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A system that favors the right over a fragmented left in Italy

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Meloni, Salvini and Berlusconi will win the next elections in Italy. This is the most likely outcome of the vote that will take place on September 25th. So say the polls and the deep divisions in the centre-left. For these reasons, Salvini and, surprisingly, Berlusconi decided to end the Draghi government. The Prime Minister’s resignation has given them a chance to vote for them on a silver platter at a very opportune time. Or at least they think so, and as we know, in both politics and business, expectations dictate behavior.

The prognosis of a likely victory for the right (after the opportunistic election of Berlusconi one can no longer speak of the centre-right) depends not only on the votes allotted in the polls to the parties that make it up, but also to those who vote the votes that make it up the functioning of the current electoral system. It is a mixed system that applies both to the chamber [de Diputados] like the Senate. Two-thirds of the seats are allocated proportionally, one-third are elected in single-member constituencies with majority voting. A complicated system of voting barriers is envisaged, mainly that of 3%, applied nationally in both the House and the Senate.

At the moment, this system favors the right. According to the average of last week’s polls, La Liga, Forza Italia and Hermanos de Italia can expect around 45% of voting intentions. On paper, all centre-left parties and factions get more or less the same percentage, but it’s a very fragmented and very heterogeneous coalition. In particular, following the 5 Star Movement’s position against Draghi, the Democratic Party has already stated that it is not ready to ally itself with the cricket movement, nor is it clear who the Democratic Party’s allies will be. The possible alliance will likely include the parties of Speranza, Calenda, Renzi and Di Maio. But all of those lists, plus the Democratic Party, currently add up to about 35% of the vote. This means that there is no play between the two poles. With this advantage, the right has the chance to win even in 90% of the one-man constituencies and thus an absolute majority of the seats in both the House of Representatives and the Senate.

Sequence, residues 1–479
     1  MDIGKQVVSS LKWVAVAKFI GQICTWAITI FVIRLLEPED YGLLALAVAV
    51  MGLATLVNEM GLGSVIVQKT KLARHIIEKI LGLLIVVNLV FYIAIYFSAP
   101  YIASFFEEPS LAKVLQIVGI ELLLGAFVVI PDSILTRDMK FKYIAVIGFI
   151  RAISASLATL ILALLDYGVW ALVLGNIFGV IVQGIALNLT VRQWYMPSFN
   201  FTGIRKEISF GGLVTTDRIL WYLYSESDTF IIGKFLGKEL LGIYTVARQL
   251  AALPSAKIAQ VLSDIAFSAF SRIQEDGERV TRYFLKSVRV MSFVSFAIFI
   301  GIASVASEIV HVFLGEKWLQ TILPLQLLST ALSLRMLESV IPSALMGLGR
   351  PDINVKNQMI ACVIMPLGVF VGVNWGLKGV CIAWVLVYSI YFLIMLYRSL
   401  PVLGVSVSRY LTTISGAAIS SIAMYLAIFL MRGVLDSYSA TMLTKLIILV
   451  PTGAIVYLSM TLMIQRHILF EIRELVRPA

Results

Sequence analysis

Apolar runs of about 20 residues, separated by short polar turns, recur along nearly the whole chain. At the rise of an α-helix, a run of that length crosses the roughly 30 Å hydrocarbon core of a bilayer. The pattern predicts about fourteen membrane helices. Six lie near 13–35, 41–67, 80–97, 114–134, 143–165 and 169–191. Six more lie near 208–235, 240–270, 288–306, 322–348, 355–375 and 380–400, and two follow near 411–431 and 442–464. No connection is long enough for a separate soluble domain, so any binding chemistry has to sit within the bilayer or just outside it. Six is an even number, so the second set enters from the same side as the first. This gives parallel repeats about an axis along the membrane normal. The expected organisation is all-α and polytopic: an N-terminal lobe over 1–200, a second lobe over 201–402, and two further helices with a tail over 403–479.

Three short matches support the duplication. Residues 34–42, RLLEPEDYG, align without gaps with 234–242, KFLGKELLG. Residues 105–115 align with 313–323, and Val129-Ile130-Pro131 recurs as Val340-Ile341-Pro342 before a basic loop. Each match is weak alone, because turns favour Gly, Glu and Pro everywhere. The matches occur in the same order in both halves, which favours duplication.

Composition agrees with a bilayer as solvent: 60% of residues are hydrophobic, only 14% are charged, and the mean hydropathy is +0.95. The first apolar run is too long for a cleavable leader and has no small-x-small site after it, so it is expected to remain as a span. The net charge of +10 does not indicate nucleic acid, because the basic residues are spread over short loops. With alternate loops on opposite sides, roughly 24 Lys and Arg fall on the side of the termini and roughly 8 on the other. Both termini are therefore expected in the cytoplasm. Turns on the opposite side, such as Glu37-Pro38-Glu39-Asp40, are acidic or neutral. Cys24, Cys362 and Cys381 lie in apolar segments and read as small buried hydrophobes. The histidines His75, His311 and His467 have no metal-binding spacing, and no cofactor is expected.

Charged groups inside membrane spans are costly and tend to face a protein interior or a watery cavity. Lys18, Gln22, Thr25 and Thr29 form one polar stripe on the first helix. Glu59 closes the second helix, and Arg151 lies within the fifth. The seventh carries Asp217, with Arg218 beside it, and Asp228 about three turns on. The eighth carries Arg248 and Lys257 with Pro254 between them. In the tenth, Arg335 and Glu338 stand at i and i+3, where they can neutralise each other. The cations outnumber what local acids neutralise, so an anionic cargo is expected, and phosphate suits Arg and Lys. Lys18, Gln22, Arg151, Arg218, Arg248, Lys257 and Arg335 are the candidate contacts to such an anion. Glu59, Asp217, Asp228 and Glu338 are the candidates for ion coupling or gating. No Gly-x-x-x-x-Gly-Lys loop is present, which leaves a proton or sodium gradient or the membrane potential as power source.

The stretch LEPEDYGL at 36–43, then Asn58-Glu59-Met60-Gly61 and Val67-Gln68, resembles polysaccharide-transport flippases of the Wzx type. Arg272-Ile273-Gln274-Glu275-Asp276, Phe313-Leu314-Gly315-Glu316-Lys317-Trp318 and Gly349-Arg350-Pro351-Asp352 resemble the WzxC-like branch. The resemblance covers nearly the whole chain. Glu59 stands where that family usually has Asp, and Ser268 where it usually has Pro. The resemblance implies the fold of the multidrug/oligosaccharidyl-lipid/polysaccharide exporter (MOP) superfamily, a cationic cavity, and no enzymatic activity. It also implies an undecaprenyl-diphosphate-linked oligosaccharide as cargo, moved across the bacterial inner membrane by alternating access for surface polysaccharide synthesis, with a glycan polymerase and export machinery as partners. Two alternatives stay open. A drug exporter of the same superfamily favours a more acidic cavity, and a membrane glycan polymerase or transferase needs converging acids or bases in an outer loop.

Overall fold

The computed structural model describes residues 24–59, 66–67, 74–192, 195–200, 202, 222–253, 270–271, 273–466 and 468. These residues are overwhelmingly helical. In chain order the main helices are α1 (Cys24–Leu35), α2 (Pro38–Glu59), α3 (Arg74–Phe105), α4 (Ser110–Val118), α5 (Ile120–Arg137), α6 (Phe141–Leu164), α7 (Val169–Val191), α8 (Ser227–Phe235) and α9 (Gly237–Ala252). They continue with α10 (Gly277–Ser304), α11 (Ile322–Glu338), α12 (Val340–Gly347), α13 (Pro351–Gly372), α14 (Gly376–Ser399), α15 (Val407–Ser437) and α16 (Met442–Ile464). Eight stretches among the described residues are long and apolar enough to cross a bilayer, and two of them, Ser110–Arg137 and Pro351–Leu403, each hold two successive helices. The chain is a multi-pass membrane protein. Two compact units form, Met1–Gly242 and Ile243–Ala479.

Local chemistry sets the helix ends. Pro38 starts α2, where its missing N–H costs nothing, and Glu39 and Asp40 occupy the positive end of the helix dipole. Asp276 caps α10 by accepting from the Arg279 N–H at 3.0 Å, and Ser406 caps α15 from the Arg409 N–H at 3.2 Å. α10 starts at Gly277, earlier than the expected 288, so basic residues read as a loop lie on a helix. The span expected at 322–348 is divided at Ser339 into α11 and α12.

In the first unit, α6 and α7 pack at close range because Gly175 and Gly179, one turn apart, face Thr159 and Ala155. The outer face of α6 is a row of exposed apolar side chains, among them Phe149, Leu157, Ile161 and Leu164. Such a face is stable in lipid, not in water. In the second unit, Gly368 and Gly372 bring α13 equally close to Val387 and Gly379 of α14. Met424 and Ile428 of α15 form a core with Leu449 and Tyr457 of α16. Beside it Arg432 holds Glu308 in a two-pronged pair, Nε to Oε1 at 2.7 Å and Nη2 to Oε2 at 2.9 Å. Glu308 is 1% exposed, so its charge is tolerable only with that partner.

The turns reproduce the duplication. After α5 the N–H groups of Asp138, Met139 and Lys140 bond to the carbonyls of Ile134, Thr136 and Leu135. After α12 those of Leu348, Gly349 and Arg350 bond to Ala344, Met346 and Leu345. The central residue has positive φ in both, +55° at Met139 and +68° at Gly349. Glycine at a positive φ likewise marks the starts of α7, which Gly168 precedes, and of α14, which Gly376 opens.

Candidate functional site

That’s how things are now. Can you switch by September 25th? It is possible. The change depends on a number of factors that are currently difficult to assess. It is not known to what extent the government crisis will affect voters’ opinions. This factor could hurt La Liga and Forza Italia in particular. The Draghi factor could also be important. The Prime Minister remains a very popular figure and the Democratic Party is believed to have been the party that has been most loyal to his government. Abstention will also play its part. In general, low turnout tends to favor the centre-left. Not to mention the worsening of the economic and social crisis and the pandemic in early autumn.

In short, there are many factors at play that can change expectations. Italian politics has been in a phase of great turmoil for years. A shift of four or five percentage points between the two poles is not a mirage and, if it happens, could change things. But for that to happen, the centre-left party has to run a perfect election campaign. You have to guess sounds, themes, alliances and candidates. It’s uphill, but you don’t lose yourself in advance. We’ve seen campaigns where one formation had a clear advantage early on and ended up on the arrival photo. This could be one of them. But it’s a risky bet.

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Source elpais.com

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